The film does not always offer time to ponder its discussions of existence and many will likely want to go through the film a second time to catch some comments that they've missed. While a film of people talking about life may not exactly sound enjoyable, Linklater's discussions are uncommonly interesting and really drew me in and held my interest throughout. You may or may not agree with what all the characters are saying, but I didn't find anything here that wasn't thought-provoking. As with Linklater's previous films, which all also contain much discussion about the meanings of life and love, he has created a series of enjoyably out-there characters and brought together a series of strong actors to deliver them. Characters from the director's previous films, such as the Ethan Hawke and Julie Delpy characters from "Before Sunrise", also return here.

"Waking Life" isn't quite for everyone, but I really found it very enjoyable and thought it was a successful experiement. It's a rare film (well, considering the kinds of films that are out there today) that really sticks with you and will likely fuel debates and discussions between viewers.


The DVD

VIDEO: "Waking Life" is presented by 20th Century Fox in 1.85:1 anamorphic widescreen. Simply, the presentation seemed to be a flawless representation of the intended images. The animation was sharp and well-defined throughout, with none of the usual flaws. There were no instances of pixelation or edge enhancement, while the print used was perfectly clear and crisp. The film's color palette also looked terrific, with no smearing or other problems. Nothing much to say here, aside from that this is fantastic effort from Fox.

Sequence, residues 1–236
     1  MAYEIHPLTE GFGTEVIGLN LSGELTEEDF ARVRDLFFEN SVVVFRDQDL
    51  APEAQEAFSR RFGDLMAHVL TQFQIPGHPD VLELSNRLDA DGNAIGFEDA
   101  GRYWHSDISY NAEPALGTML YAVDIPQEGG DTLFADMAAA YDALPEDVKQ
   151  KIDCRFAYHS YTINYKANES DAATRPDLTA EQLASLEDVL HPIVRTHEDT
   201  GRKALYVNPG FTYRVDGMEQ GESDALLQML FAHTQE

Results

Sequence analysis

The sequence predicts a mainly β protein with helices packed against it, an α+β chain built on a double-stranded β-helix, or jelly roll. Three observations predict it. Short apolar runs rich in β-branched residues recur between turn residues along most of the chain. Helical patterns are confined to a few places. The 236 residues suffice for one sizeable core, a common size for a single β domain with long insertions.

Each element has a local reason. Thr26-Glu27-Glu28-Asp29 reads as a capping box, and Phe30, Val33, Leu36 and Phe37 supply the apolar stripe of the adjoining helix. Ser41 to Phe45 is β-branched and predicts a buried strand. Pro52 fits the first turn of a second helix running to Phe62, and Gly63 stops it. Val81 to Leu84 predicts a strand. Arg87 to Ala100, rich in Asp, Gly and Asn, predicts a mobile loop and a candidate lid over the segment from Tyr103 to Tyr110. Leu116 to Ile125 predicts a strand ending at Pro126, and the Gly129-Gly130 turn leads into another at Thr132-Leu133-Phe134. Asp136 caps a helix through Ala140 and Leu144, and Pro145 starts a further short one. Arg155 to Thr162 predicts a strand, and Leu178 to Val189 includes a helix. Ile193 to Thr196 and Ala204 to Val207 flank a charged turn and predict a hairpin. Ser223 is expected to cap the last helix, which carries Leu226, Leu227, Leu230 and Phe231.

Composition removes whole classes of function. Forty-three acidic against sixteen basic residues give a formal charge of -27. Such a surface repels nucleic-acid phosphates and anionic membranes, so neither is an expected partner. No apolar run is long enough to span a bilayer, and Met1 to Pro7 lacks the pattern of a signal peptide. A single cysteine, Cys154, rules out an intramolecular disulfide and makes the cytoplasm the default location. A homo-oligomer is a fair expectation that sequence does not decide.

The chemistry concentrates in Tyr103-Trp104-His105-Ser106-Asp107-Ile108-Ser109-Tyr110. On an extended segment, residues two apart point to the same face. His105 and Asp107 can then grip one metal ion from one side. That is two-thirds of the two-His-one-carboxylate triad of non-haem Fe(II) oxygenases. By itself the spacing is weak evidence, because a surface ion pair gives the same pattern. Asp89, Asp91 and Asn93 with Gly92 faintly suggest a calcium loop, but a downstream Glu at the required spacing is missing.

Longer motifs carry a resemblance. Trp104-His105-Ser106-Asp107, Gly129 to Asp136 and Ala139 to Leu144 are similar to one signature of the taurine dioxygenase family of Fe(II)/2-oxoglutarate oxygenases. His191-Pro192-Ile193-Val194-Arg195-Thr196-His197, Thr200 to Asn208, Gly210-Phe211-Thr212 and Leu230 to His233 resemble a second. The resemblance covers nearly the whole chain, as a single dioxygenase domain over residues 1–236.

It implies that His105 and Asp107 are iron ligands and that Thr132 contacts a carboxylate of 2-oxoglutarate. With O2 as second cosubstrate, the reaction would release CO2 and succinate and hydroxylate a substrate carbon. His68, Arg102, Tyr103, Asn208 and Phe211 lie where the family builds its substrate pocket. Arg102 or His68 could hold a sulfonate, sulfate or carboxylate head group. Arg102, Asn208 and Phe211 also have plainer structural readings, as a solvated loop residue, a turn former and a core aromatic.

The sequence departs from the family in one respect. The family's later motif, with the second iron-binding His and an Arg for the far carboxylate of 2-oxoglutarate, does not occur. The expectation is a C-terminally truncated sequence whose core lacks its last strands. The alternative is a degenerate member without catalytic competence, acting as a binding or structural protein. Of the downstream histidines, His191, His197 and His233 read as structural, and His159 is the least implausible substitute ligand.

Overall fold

SOUND: "Waking Life" is presented in Dolby Digital 5.1. The film does not use sound agressively or even that actively, nor does it really need to. The majority of the film's sound is focused firmly in the front speakers, as the film is almost completely dialogue-driven. Still, while the film is dialogue-heavy, there are some nice instances of ambient sounds. Dialogue, certainly the most important element of the audio, remained clear and crisp, as did the lively score.

MENUS: Most of the menus provide enjoyable animation and the score playing in the background.

EXTRAS: